5 Best Woods for Fractal Burning

Fractal burning is a technique that provides wood with very unique visuals. That’s why before you put your safety gloves on and try it out, you might want to know more about what kind of wood is needed for the fractal burning technique. 

The best 5 woods for fractal burning are cedar, oak, maple, walnut, and olive. There are 3 things in wood that determine the best results from fractal burning. The density of the wood, the tightness of grain, and the grain pattern. All of these woods are dense and have either a tight grain or a pattern suitable for the process.

These days woodturning is on the rise, and there are multiple ways to make amazing designs on wood. Out of all of these though, fractal burning has to be the most unique but also slightly dangerous. This is due to the use of electricity on wood that creates the patterns.

Safety Concerns

While one of the more unique techniques to give wood a more beautiful look, fractal burning can be very dangerous. It requires you to work with a high voltage current which can easily take a person’s life. 

This is why the highest measure of safety precautions is advised when working on wood with this technique. You need to have someone with you all the time supervising and reminding you to check each and every aspect before trying this out.

Not only that you need to have safety gear equipped at all times, whether the power supply for the fractal burning is connected to an outlet or not. And with this process, you are burning wood, which means a higher voltage and current might just make the piece you are working on burst into uncontrollable flames. So be cautious of that as well.

Lastly, please only use this article for entertainment purposes, and do not pursue fractal burning as it is very dangerous.

Best Wood for Fractal Burning

1. Cedar

Cedar isn’t a hardwood but it has an average density, making it one of the stronger softwoods. This in turn, makes it a great choice for fractal burning. Along with that, it also has a straight grain pattern. Out of all the three cedar trees, red cedar is most likely to be your choice due to its affordability.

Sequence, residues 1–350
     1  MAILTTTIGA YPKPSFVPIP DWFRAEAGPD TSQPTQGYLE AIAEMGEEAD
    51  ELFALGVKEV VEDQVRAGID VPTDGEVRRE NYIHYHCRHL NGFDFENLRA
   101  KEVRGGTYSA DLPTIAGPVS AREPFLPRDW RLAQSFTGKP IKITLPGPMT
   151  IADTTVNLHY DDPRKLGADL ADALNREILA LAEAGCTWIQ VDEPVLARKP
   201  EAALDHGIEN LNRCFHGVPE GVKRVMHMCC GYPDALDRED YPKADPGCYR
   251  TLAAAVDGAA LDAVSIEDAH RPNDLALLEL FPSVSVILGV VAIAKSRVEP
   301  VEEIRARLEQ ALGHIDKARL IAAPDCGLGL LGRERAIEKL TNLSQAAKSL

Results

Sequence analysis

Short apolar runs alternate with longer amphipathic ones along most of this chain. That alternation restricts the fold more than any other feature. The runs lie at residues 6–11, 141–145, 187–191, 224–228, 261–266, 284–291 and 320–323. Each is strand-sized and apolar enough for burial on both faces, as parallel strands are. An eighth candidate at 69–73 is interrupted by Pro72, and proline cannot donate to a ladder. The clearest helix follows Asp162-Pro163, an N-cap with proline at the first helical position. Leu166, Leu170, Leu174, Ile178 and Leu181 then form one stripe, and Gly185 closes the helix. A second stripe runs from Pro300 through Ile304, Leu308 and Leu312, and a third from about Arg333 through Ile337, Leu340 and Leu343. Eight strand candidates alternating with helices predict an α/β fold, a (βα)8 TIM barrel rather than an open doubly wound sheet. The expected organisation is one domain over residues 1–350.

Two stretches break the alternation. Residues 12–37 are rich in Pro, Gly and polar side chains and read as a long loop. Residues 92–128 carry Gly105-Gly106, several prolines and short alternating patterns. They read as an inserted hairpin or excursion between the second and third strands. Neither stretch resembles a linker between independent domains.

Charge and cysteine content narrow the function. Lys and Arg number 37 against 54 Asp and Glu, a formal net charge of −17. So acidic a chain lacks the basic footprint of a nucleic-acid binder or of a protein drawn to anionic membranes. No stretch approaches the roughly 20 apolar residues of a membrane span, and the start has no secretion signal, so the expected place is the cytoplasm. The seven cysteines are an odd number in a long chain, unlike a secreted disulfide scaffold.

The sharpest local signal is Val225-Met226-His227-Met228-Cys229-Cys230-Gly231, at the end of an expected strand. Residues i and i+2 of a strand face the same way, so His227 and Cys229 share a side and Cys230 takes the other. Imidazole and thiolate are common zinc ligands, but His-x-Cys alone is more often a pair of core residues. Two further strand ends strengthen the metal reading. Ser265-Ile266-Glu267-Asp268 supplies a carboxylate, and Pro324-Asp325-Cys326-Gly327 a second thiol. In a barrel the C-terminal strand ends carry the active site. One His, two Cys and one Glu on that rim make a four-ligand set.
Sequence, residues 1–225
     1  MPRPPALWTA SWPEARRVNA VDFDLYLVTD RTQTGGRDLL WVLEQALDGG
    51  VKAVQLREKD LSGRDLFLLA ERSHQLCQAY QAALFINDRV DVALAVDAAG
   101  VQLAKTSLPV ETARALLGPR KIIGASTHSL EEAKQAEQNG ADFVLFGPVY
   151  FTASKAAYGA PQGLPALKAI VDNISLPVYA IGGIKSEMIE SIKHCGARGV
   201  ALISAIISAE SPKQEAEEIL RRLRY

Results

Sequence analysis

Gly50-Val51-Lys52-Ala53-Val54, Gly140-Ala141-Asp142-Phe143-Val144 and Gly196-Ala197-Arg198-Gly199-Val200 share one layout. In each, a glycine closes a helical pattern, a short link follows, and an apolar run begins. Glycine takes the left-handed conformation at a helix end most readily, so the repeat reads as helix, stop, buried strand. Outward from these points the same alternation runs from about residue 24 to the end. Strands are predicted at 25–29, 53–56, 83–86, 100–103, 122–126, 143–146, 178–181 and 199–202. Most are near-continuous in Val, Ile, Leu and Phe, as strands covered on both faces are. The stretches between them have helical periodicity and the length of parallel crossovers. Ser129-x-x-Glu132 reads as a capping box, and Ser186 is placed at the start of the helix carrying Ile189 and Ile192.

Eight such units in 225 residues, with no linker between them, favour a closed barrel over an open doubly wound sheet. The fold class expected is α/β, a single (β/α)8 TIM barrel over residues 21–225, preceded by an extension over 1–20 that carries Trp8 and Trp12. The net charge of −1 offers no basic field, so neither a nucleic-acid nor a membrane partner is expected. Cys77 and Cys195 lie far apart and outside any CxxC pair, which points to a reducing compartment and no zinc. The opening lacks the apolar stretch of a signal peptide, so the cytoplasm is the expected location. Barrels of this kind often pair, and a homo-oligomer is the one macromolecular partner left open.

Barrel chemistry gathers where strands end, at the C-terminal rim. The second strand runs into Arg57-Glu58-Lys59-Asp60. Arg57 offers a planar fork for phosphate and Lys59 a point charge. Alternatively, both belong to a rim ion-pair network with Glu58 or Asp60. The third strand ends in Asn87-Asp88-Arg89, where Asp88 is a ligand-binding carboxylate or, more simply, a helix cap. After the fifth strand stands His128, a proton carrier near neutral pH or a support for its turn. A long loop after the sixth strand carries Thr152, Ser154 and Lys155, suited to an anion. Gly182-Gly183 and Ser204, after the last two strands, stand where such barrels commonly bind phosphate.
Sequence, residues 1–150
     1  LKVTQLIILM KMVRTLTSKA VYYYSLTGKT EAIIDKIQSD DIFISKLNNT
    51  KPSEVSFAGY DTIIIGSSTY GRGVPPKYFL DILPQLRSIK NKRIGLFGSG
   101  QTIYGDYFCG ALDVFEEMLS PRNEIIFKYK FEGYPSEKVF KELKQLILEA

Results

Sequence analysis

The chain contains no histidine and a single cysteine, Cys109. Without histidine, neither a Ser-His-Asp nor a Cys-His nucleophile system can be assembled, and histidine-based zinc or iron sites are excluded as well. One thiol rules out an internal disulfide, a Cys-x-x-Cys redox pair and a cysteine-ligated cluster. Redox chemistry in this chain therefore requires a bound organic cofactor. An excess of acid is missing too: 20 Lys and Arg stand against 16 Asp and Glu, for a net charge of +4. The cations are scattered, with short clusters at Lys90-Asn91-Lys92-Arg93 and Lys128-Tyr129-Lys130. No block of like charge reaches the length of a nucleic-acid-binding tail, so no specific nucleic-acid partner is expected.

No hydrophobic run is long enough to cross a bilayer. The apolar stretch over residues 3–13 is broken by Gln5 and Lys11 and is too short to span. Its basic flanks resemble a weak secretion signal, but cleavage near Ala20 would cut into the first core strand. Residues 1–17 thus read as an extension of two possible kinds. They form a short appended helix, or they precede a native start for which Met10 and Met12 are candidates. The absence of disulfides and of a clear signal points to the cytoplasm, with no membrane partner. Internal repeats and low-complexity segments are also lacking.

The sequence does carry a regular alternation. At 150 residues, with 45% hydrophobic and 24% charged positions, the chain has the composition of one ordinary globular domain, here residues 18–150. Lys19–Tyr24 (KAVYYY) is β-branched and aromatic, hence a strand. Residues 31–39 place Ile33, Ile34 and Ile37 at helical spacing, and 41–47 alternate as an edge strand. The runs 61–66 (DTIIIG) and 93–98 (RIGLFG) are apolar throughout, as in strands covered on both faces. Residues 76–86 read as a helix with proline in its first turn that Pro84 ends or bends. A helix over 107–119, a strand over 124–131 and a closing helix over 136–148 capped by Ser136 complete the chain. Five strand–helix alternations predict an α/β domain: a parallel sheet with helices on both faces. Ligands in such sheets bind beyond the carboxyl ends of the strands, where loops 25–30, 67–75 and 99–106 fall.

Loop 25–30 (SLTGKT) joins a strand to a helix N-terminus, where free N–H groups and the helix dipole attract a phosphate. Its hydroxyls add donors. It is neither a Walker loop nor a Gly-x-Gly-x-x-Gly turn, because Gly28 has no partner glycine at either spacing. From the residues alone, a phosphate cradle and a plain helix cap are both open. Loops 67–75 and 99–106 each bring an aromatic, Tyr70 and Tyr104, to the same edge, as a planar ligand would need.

Due to the straight grain of this wood, the waves from fractal burning travel in a more uniform direction. This avoids any unpredictability in the pattern, and you can somewhat determine how the pattern will form. While the average density allows for the electricity to travel better.

Being a softwood does not mean that cedar is any less durable. It is one of the most beloved woods in the US and people love working with it for their home construction. One downside of using red cedar is that it is slightly darker than its other family members. But it is not dark enough to hide the fractal burn patterns, you can see them clearly on this.


  • Dense wood helps in the fractal burning process.
  • Is durable so anything made out of it will last long.
  • Pretty affordable compared to other types of cedar woods.
  • Has a straight grain which helps in determining the direction of the burning.
  • Can be easily found in your local wood store.


  • Is slightly dark in color and might not look great with fractal burning patterns.
  • Does not have a tight grain so the burns might spread and travel more along with the grain pattern.

2. Oak

Oak is one of the most used woods in the United States, it has somewhat of a traditional significance for the people. Oak is pretty dense and also has a straight grain. But out of both oak types, red oak is cheaper and more affordable. If you keep affordability in mind, then red oak is the winner, but in terms of grain pattern and density, white oak is victorious.

They both have a tight grain pattern and are pretty much close to each other in density. So either should work depending on the availability and pricing in your region. While the name would suggest white oak is lighter in color, you would be wrong. It is darker in color with more brown and tan tones in it while red oak has pinkish tones and is lighter than its other family member.